My friends and I are having an Around the Harvest Table blog party, with each of us contributing a dish to the fall-themed dinner, and you’re invited! At the end of this post are links to the other dishes, making it easy to visit each of them.
I had a hard time deciding what to contribute. Not only did my dish need to be something I grew, it needed to go with everyone else’s dishes, too. I finally settled on homemade applesauce. Applesauce goes well with many other foods, it’s good for you, and children usually love it.
If you know me, then you know that I get a kick out of cooking and serving what I grow. At mealtimes I often proudly tell my family which dishes came from our little homestead, and if they all did, then that’s especially exciting!
In City Girl, Country Woman, I shared a painting that I bought while visiting Seattle many years ago. It has always hung where I could look at it, usually by our dining table. The painting contained elements I loved, including an apple tree. When we moved to our homestead ten years ago, I couldn’t wait to start an orchard.
Among the first trees we planted were our apple trees.
A Lesson in Patience
Planting fruit trees is just the beginning. They take many years before they start producing, so it’s a lesson in patience. Fall is the perfect time to plant trees, so if you’d like to make your own applesauce, apple butter, apple cider, apple pies, etc, you can get started now.
Those first beautiful blossoms are so exciting! Our trees started producing several years ago. All summer long I watched the fruit grow and anticipated the harvest.
We have three different varieties: Arkansas Black, Enterprise, and Royal Gala. We purchased them from Stark Bros and have been very happy with them.
Tip: Apple trees need to pollinate each other. Stark Bros explains all of that and gives recommendations to help you choose. That’s why I would recommend buying from them, versus picking up a few from a garden center.
The Joy of the Harvest
I can tell you that there’s nothing like harvesting your own fruit! I found it a bit of a relief, too, because I didn’t have to worry about the raccoons getting it before I did. I wanted the apples to be as perfectly ripe as possible. Finally, when I could smell the apples and they released easily when I gently tipped them, I knew it was time. I loved the way those sun-warmed apples felt in my cupped hands!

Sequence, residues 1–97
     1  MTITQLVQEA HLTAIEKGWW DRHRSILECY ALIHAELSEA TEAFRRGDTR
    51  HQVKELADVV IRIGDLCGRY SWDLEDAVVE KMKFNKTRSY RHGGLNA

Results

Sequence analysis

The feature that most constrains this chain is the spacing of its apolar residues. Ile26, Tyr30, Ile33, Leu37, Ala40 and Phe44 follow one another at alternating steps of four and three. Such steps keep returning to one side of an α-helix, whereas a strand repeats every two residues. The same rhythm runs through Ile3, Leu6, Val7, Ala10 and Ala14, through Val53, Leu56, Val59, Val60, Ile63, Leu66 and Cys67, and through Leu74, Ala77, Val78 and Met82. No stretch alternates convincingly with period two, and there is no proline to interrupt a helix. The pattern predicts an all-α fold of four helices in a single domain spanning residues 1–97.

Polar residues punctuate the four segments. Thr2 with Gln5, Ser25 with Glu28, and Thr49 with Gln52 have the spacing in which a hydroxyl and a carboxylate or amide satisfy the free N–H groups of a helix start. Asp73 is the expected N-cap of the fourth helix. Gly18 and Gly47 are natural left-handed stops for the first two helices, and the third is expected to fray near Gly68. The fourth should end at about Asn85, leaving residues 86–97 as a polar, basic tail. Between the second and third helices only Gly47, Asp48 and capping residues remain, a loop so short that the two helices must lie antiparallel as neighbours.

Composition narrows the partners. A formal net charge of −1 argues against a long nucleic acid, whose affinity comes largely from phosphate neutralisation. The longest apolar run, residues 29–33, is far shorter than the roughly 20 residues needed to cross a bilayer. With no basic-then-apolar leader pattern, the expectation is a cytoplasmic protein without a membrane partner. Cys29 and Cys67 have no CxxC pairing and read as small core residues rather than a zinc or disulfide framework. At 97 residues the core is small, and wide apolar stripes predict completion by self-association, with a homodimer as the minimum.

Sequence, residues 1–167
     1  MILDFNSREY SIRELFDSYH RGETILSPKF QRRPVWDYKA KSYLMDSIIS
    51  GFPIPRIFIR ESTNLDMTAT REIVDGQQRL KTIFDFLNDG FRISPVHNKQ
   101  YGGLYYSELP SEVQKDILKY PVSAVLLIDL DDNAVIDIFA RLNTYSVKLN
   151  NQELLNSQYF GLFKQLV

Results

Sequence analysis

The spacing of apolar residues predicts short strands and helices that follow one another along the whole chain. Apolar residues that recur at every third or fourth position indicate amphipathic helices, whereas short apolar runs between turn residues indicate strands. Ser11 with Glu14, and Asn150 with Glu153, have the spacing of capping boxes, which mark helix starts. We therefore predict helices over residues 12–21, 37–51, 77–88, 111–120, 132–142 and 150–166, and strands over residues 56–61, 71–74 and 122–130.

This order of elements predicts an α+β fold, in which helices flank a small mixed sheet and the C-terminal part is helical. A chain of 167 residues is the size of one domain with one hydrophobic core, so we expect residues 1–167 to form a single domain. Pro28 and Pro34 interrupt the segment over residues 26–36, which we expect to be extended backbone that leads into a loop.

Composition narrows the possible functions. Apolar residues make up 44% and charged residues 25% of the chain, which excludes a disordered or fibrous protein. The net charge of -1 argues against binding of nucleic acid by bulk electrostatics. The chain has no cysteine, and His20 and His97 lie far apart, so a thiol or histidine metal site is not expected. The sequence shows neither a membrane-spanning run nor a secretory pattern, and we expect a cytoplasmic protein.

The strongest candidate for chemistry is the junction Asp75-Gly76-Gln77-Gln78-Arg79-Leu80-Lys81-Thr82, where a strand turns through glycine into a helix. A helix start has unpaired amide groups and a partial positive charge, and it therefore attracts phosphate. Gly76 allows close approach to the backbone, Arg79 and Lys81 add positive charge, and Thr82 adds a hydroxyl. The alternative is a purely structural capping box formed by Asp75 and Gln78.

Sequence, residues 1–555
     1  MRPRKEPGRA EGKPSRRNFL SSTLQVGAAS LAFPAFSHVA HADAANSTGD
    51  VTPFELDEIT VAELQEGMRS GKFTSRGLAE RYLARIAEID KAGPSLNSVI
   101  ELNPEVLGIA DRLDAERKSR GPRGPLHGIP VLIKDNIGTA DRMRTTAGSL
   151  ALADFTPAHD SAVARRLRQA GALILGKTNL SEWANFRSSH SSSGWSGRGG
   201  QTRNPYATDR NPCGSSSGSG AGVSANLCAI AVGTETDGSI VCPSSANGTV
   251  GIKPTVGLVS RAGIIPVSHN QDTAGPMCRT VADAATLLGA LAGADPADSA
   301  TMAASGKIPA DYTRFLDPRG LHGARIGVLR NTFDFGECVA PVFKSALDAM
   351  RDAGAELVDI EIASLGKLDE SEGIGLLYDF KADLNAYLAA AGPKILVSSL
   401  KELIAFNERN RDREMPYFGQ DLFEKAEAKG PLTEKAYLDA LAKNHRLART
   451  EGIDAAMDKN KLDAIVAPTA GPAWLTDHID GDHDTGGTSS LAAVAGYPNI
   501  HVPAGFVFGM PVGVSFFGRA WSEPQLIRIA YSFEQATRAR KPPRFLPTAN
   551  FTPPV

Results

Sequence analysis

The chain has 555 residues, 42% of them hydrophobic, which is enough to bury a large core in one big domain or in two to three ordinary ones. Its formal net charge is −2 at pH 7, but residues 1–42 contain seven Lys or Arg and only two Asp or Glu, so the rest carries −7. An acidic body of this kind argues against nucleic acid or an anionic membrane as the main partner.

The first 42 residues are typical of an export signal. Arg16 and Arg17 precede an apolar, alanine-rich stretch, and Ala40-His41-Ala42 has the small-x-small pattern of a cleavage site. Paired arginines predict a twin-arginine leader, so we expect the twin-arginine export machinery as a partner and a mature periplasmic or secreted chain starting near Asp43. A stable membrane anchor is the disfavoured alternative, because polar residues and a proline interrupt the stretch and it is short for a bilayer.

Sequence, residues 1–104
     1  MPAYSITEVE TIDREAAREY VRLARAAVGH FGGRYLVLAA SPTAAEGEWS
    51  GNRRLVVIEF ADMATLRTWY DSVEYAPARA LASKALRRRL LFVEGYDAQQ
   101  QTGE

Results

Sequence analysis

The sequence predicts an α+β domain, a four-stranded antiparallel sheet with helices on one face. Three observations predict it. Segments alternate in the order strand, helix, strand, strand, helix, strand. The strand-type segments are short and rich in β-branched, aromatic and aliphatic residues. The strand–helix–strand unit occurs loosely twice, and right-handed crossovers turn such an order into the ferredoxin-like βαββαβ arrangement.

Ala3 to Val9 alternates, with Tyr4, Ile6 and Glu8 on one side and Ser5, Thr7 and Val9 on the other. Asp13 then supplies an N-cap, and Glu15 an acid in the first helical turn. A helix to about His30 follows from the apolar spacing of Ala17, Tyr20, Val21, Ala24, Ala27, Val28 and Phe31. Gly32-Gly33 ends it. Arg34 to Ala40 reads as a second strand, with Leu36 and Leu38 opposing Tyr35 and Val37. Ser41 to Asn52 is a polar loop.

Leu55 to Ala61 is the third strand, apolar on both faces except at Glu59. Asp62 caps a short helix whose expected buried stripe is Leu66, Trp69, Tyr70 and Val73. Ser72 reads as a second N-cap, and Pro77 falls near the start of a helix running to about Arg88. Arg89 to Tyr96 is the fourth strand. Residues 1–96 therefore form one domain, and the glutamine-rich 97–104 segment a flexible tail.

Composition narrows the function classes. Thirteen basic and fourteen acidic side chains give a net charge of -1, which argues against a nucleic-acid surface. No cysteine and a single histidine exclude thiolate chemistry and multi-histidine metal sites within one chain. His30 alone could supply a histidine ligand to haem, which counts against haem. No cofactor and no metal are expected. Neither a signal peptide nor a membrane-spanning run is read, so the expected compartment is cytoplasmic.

This is a rather simple and humble recipe. If you’ve never made your own applesauce, you’ll be surprised at how simple it is. In fact, it’s more of a guide than a recipe because it’s highly customizable.
Let’s Make Applesauce
Start with some apples. Homegrown are best, but you can also buy them at a farmers market, a you-pick orchard, or your favorite grocery store. You can make as much applesauce as you want, but I’d start with at least one large apple per person. If the apples are small, then you might double that.
To get ready, I put some water in a bowl. Maybe about 1/4 cup per four apples. Then I add about a teaspoon of lemon juice to help slow browning.
To prepare the apples, you have options. You can use an apple peeler like this Johnny Apple Peeler, or an apple corer/slicer. I often enjoy peeling by hand. It seems to be therapeutic. It just depends on how many I have to do.
I quarter the apples, cut out the core, peel and chop coarsely and toss in the bowl. Occasionally I stir the chopped apples to distribute the lemon water.
When the apples are all chopped, I put them into a saucepan over medium-high heat until it gets going, then reduce it to medium. Stir occasionally to prevent sticking and burning.
How long it takes will depend on the variety of apple, and how finely they’re chopped. After 20-30 minutes or so, they’ll start to break down as you stir them. I use my spoon to mash them further, but you could use a fork or a potato masher. If they’re still too firm, then just let them cook a little longer.
Once the apples have cooked down, taste them and decide if you want to add some sweetener such as sugar or stevia.
Then add any other flavorings that you’d like:
- 1/2 teaspoon of vanilla extract.
- a sliver of butter.
- a sprinkling of ground cinnamon to taste.
Fine or lumpy?
I like the homemade feel of lumpy applesauce, but if you prefer a smoother texture, or are making baby food, then you might want to put it through a food mill or food processor.
Hot or cold?
Do you prefer your applesauce hot or cold?
It’s easy to get it started and let it simmer while you’re making the rest of the meal. When it’s finished, I just turn off the burner and let it sit until I’m ready to put it on the table. By then it’s lukewarm.
If you want it cold then you’ll need to make it well ahead of time to allow for chilling
Put your fresh, homemade applesauce in a pretty serving bowl, and it’s ready for your table.
This post is part of “Around the Harvest Table,” a fall-themed dinner by a group of homesteading bloggers. We’ve put together a farm-to-table meal using the harvest from our homesteads. I hope you’ll visit all the posts listed below where each of my friends is sharing a recipe utilizing their harvest.
Happy fall, y’all!
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